After a pause, he said, "As long as a plank of the ship remains to stand on, Mr. Kazallon, I shall not give up my hope."

But the conflagration raged with redoubled fury, the sea around us was lighted with a crimson glow, and the clouds above shone with a lurid glare. Long jets of fire darted across the hatchways, and we were forced to take refuge on the taffrail at the extreme end of the poop. Mrs. Kear was laid in the whale-boat that hung from the stern. Miss Herbey persisting to the last in retaining her post by her side.

No pen could adequately portray the horrors of this fear- ful night. The Chancellor under bare poles, was driven, like a gigantic fire-ship with frightful velocity across the raging ocean; her very speed as it were, making common cause with the hurricane to fan the fire that was consuming her. Soon there could be no alternative between throwing ourselves into the sea, or perishing in the flames.

But where, all this time, was the picrate? Perhaps, after all, Ruby had deceived us and there was no volcano, such as we dreaded, below our feet.

At half-past eleven, when the tempest seems at its very height, there is heard a peculiar roar distinguishable even above the crash of the elements. The sailors in an instant recognize its import.

"Breakers to starboard!" is the cry.

Curtis leaps on to the netting, casts a rapid glance at the snow-white billows, and turning to the helmsman shouts with all his might, "Starboard the helm!"

But it is too late. There is a sudden shock; the ship is caught up by an enormous wave; she rises upon her beam ends; several times she strikes the ground; the mizzen-mast snaps short off level with the deck, falls into the sea, and the Chancellor is motionless.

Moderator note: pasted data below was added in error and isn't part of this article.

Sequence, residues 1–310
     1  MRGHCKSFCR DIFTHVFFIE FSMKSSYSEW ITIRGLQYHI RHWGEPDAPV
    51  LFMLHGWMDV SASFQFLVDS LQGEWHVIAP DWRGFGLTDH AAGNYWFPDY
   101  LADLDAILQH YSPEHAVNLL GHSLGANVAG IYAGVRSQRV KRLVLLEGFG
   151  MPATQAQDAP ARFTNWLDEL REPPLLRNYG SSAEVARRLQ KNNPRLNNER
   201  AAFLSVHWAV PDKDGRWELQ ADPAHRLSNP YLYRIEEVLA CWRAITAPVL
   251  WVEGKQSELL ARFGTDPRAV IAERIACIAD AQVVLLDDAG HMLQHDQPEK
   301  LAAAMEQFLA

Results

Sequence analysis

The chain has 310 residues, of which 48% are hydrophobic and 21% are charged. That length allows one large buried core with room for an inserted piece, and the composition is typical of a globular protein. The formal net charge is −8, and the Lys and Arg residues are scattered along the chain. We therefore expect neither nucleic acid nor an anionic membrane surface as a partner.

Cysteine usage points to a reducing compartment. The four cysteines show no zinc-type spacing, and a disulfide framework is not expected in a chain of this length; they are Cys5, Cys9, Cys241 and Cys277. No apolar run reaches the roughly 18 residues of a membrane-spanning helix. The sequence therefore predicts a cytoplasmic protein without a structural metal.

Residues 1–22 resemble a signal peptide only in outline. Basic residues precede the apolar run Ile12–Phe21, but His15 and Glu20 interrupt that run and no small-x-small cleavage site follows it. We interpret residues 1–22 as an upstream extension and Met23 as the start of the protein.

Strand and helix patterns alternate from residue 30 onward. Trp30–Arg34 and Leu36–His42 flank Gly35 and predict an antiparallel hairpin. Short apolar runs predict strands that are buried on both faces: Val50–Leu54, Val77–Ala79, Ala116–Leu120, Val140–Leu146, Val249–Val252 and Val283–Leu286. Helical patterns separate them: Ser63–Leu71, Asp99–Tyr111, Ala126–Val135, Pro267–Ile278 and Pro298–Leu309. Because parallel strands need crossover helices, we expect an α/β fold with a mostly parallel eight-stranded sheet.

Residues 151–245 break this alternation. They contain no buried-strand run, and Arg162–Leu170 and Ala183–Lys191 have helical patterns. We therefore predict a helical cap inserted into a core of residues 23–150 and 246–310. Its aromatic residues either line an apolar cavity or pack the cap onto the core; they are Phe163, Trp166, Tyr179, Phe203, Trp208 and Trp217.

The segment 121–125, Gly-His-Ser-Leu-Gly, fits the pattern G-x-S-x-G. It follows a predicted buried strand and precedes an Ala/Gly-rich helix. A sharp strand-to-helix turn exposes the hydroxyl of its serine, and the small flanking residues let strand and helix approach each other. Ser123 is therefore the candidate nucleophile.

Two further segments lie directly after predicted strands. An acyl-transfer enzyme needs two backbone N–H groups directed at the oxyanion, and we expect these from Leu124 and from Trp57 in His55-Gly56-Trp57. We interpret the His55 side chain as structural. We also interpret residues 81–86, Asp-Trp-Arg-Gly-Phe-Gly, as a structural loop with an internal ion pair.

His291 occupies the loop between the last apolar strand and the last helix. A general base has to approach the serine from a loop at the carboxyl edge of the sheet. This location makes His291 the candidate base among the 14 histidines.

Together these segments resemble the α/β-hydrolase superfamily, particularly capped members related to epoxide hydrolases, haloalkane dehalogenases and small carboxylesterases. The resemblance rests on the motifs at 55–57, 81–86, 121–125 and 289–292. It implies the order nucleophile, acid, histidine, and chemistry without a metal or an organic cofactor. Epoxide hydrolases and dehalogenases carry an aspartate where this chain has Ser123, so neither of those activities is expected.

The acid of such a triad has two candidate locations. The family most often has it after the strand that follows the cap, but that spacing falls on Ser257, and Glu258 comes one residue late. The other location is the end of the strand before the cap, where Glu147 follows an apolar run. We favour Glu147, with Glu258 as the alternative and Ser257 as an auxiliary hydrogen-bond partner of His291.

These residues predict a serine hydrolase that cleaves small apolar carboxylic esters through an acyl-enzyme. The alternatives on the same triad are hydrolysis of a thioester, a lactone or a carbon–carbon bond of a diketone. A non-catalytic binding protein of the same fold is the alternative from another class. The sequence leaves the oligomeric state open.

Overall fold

CHAPTER XV SHIPWRECKED

THE night of the 29th continued. -- It was not yet mid- night; the darkness was most profound, and we could see nothing. But was it probable that we had stranded on the coast of America?

Very shortly after the ship had thus come to a stand-still a clanking of chains was heard proceeding from her bows.

"That is well," said Curtis; "Walter and the boatswain have cast both the anchors. Let us hope they will hold."

Then, clinging to the netting, he clambered along the starboard side, on which the ship had heeled, as far as the flames would allow him. He clung to the holdfasts of the shrouds, and in spite of the heavy seas that dashed against the vessel he maintained his position for a considerable time, evidently listening to some sound that had caught his ear in the midst of the tempest. In about a quarter of an hour he returned to the poop.

"Heaven be praised! " he said, "the water is coming in, and perhaps may get the better of the fire."

"True," said I, "but what then?"

"That," he replied, "is a question for bye-and-bye. We can think now only of the present."

Already I fancied that the violence of the flames was somewhat abated, and that the two opposing elements were in fierce contention. Some plank in the ship's side was evidently stove in, admitting free passage for the waves. But how, when the water had mastered the fire, should we be able to master the water? Our natural course would be to use the pumps, but these, in the very midst of the con- flagration, were quite unavailable.

For three long hours, in anxious suspense, we watched, and waited. Where we were we could not tell. One thing alone was certain; the tide was ebbing beneath us, and the waves were relaxing in their violence. Once let the fire be extinguished, and then, perhaps, there would be room to hope that the next high tide would set us afloat.

Toward half-past four in the morning the curtain of fire and smoke, which had shut off communication between the two extremities of the ship, became less dense, and we could faintly distinguish that party of the crew who had taken refuge in the forecastle; and before long, although it was impracticable to step upon the deck, the lieutenant and the boatswain contrived to clamber over the gunwale, along the rails, and joined Curtis on the poop.

Jules Verne
French Authors
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